GREENE: He turned them over.
KATYAL: ...And sent out - yeah. And sent out Fitzwater to say, quote, "the president wants to get to the bottom of the matter and fix what went wrong." Get to the bottom of the matter and fix what went wrong - can you imagine Donald Trump saying either of those two sentences?
GREENE: Well, I mean, it's - you can speculate on that. I'm not going to speculate.
GREENE: But I just - I mean, it's - but President Trump could take this fight all the way to the Supreme Court, and it could last a long, long time. I mean that is safe to say.
KATYAL: Well, I don't think it'll - I don't think it'll last a long, long time. That is, in the Nixon tapes case, when that fight happened, it was all resolved in a matter of a couple of months. The Supreme Court is very capable of acting quickly when it needs to.
GREENE: When it's something this important.
KATYAL: And this is a circumstance - yeah.
GREENE: Well, can I ask you - the president on Twitter last week noted, in his mind, that the word obstruction is now being used when people refer to this investigation. He said, quote, "that collusion is dead." I mean, he denies both obviously, but I think he's making the point that the investigation has expanded beyond its original purview and people are out to get him. Is there an argument there that Mueller and maybe this investigation has gone beyond its original intent?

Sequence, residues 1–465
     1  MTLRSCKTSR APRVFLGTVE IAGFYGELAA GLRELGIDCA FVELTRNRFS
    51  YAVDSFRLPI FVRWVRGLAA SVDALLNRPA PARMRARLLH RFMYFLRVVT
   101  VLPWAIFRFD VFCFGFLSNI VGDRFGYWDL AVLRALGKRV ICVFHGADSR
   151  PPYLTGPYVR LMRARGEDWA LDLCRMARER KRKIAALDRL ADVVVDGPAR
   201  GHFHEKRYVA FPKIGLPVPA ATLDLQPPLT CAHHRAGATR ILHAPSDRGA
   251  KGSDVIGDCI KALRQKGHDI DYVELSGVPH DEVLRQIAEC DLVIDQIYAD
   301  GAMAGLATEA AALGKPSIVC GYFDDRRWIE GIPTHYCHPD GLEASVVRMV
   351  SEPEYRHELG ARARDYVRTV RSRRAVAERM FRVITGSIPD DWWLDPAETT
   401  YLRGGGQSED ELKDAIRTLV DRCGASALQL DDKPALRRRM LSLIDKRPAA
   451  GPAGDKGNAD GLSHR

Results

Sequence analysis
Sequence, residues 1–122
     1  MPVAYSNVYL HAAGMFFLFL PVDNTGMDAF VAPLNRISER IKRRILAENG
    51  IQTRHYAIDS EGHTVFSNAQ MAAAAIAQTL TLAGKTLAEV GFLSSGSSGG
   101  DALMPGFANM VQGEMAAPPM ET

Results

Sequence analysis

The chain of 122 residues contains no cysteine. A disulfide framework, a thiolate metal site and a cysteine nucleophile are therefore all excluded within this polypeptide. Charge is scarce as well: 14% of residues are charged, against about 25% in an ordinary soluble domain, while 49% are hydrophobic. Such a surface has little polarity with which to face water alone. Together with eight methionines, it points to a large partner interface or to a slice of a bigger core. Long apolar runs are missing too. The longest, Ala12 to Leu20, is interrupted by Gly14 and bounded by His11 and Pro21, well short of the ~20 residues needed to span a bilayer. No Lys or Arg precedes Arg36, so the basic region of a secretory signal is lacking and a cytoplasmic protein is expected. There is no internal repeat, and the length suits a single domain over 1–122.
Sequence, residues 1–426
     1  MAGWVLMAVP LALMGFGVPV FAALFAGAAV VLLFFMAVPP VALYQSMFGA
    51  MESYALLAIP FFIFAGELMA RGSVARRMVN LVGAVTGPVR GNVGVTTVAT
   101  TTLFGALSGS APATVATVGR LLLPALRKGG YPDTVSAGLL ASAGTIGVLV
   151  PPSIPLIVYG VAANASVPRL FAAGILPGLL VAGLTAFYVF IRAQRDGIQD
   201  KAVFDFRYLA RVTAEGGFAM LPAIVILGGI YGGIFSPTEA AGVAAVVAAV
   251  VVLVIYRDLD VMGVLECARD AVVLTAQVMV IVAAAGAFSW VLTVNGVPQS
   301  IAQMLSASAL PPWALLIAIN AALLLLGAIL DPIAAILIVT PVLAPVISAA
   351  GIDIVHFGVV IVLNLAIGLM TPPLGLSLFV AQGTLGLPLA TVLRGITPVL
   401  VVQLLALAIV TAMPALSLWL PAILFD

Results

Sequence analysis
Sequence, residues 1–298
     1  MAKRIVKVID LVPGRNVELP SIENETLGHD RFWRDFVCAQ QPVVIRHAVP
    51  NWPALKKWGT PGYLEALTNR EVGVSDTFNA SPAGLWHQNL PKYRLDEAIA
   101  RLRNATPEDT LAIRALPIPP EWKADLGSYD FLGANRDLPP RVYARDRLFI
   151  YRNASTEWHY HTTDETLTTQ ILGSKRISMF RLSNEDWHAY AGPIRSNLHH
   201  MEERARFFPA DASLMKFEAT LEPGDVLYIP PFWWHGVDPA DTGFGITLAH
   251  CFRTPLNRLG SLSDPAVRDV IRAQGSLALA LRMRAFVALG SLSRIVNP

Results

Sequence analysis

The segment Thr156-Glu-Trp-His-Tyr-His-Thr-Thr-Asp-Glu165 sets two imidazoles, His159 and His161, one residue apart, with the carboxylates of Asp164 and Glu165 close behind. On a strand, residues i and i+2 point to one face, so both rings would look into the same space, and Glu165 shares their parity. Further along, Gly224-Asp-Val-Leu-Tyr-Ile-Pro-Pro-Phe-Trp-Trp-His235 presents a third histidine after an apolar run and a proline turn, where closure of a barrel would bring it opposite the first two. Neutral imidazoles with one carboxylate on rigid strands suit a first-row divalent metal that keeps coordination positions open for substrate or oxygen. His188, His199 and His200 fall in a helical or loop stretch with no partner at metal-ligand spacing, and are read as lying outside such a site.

KATYAL: Well, I'm sure the president does feel like the investigation is out to get him. And I think the reason for that is that every time we learn something from Mueller - who's a consummate professional and who's acted quietly, as law enforcement investigators do - the only time we learn open things are when he, for example, brings an indictment or a plea arrangement.
And now he's got, you know, the president's own top national security adviser, Flynn, pleading guilty, saying, I committed a crime. He's got Manafort, the president's chief campaign officer, indicted for other stuff with Russia. So you know, I do think that the - you know, he's got Papadopoulos and so on and Gates. And I think that, you know, the picture that's painted is one that is very scary to a president who, after all, is the boss of all of these different individuals. I don't see...
GREENE: But if we go back to - I'm sorry to interrupt. If we go back to Ken Starr and the investigation of President Clinton, didn't sort of the scope of that sprawling investigation actually prompt the rewriting of the laws to prevent investigation from just being able to go in any direction?
KATYAL: Well, it's definitely true that law enforcement investigations expand over time in appropriate ways. That's because once you start investigating something, you realize - hey, it's not A. It's B. So when we wrote the regulations, yes, we were concerned about a special counsel doing that on their own, expanding the investigation. And so what we did was we put into the law a rule that said if you want to expand your investigation, you have to get the permission of the attorney general - or, here, the acting attorney general, Rod Rosenstein.
And we know from December testimony with Rosenstein that that's exactly what Mueller has done. Mueller has not said, oh, I'm going to go investigate on my own and expand it. But rather, in circumstances of doubt - this is what Rosenstein testified - Mueller would go and ask for approval to expand the investigation.
GREENE: Neal Katyal, former acting solicitor general under President Obama - thanks so much for joining us. We really appreciate it.
KATYAL: Thanks for having me. Transcript provided by NPR, Copyright NPR.